To know God and Christ, in Scripture language, seems to mean to live under the conviction of His presence, who is to our bodily eyes unseen. It is, in fact, to have faith, according to St. Paul's account of faith, as the substance and evidence of what is invisible. It is faith, but not faith such as a Heathen might have, but Gospel faith; for only in the Gospel has God so revealed Himself, as to allow of that kind of faith which may be called, in a special manner, knowledge. The faith of Heathens was blind; it was more or less a moving forward in the darkness, with hand and foot;—therefore the Apostle says, "if haply they might feel after Him." [Acts xvii. 27.] But the Gospel is a manifestation, and therefore addressed to the eyes of our mind. Faith is the same principle as before, but with the opportunity of acting through a more certain and satisfactory sense. We recognise objects by the eye at once; but not by the touch. We know them when we see them, but scarcely till then. Hence it is, that the New Testament says so much on the subject of spiritual knowledge. For instance, St. Paul prays that the Ephesians may receive "the spirit of wisdom and revelation in the knowledge of Christ, the eyes of their understanding being enlightened;" and he says, that the Colossians had "put on the new man, which is renewed in knowledge, after the image of Him that created him." St. Peter, in like manner, addresses his brethren with the salutation of "Grace and peace, through the knowledge of God, and of Jesus our Lord;" according to the declaration of our Lord Himself, "This is life eternal, to know Thee, the only true God, and Jesus Christ whom Thou hast sent." [Eph. i. 17, 18. Col. iii. 10. 2 Pet. i. 2. John xviii. 3.] Not of course as if Christian faith had not still abundant exercise for the other senses (so to call them) of the soul; but that the eye is its peculiar sense, by which it is distinguished from the faith of Heathens, nay, I may add, of Jews.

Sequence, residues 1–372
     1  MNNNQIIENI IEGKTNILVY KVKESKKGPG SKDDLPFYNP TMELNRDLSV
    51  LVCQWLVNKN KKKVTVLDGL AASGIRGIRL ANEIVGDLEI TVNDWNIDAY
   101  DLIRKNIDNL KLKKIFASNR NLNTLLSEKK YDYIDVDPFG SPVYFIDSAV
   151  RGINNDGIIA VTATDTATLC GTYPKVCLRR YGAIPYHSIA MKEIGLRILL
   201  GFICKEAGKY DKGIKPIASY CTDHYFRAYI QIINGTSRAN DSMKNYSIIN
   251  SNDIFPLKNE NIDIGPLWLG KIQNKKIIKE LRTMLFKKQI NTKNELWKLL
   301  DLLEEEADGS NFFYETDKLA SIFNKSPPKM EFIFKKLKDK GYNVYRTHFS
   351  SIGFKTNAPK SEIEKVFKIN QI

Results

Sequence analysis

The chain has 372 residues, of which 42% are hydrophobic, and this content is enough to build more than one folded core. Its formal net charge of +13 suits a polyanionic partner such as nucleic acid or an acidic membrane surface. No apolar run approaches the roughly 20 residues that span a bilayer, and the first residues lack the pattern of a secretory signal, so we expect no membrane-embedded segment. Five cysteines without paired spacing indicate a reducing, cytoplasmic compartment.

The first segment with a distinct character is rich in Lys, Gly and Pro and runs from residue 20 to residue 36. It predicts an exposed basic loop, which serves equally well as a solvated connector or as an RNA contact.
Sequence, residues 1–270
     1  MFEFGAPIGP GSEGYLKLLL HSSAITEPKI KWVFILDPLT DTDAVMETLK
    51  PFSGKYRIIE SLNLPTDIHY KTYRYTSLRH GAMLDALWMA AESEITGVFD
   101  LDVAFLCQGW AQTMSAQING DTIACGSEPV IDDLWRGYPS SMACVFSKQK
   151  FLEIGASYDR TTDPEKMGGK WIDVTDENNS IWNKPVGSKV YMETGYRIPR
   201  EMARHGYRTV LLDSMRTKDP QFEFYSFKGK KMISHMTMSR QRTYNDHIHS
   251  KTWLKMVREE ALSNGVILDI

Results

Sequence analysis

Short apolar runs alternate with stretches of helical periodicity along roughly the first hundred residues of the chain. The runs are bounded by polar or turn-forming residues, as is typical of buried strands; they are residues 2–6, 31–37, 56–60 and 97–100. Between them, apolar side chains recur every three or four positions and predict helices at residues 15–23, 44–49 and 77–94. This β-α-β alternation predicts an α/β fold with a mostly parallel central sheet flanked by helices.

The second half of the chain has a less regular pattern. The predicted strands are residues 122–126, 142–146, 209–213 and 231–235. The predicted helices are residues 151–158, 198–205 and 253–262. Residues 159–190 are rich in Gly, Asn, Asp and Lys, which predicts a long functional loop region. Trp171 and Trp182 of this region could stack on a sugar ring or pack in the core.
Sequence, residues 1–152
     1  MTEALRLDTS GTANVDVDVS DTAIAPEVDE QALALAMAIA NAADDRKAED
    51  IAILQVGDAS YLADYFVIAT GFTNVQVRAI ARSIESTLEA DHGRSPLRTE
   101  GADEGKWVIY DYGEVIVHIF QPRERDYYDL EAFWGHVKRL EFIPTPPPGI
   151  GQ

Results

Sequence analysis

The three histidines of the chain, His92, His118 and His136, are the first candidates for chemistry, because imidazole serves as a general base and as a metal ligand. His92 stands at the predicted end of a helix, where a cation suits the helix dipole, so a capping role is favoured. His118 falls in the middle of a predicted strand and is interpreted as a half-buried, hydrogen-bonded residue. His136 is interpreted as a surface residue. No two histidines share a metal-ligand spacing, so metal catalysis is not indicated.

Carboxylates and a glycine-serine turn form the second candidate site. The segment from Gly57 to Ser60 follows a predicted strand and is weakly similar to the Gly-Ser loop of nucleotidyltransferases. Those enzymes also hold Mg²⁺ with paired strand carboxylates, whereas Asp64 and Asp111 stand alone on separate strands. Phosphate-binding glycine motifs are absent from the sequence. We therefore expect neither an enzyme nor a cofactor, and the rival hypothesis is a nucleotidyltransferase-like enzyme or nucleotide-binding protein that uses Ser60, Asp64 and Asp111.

It is plain what is the object of spiritual sight which is vouchsafed us in the Gospel,—"God manifest in the Flesh." He who was before unseen has shown Himself in Christ; not merely displayed His glory, as (for instance) in what is called a providence, or visitation, or in miracles, or in the actions and character of inspired men, but really He Himself has come upon earth, and has been seen of men in human form. In the same kind of sense, in which we should say we saw a servant of His, Apostle or Prophet, though we could not see his soul, so man has seen the Invisible God; and we have the history of His sojourn among His creatures in the Gospels.

To know God is life eternal, and to believe in the Gospel manifestation of Him is to know Him; but how are we to "know that we know Him?" How are we to be sure that we are not mistaking some dream of our own for the true and clear Vision? How can we tell we are not like gazers upon a distant prospect through a misty atmosphere, who mistake one object for another? The text answers us clearly and intelligibly; though some Christians have recourse to other proofs of it, or will not have patience to ask themselves the question. They say they are quite certain that they have true faith; for faith carries with it its own evidence, and admits of no mistaking, the true spiritual conviction being unlike all others. On the other hand, St. John says, "Hereby do we know that we know Him, if we keep His commandments." Obedience is the test of Faith.

Thus the whole duty and work of a Christian is made up of these two parts, Faith and Obedience; "looking unto Jesus," the Divine Object as well as Author of our faith, and acting according to His will. Not as if a certain frame of mind, certain notions, affections, feelings, and tempers, were not a necessary condition of a saving state; but, so it is, the Apostle does not insist upon it, as if it were sure to follow, if our hearts do but grow into these two chief objects, the view of God in Christ and the diligent aim to obey Him in our conduct.
It's twenty-six days...
until St. Philip's Day !
If it were not Sunday...
today would be the feast of Pope St. Pius V, O.P.. It would also be the feast of St. Joseph Benedict Cottolengo, Priest and Founder, and Blessed William Southerne, Priest and Martyr.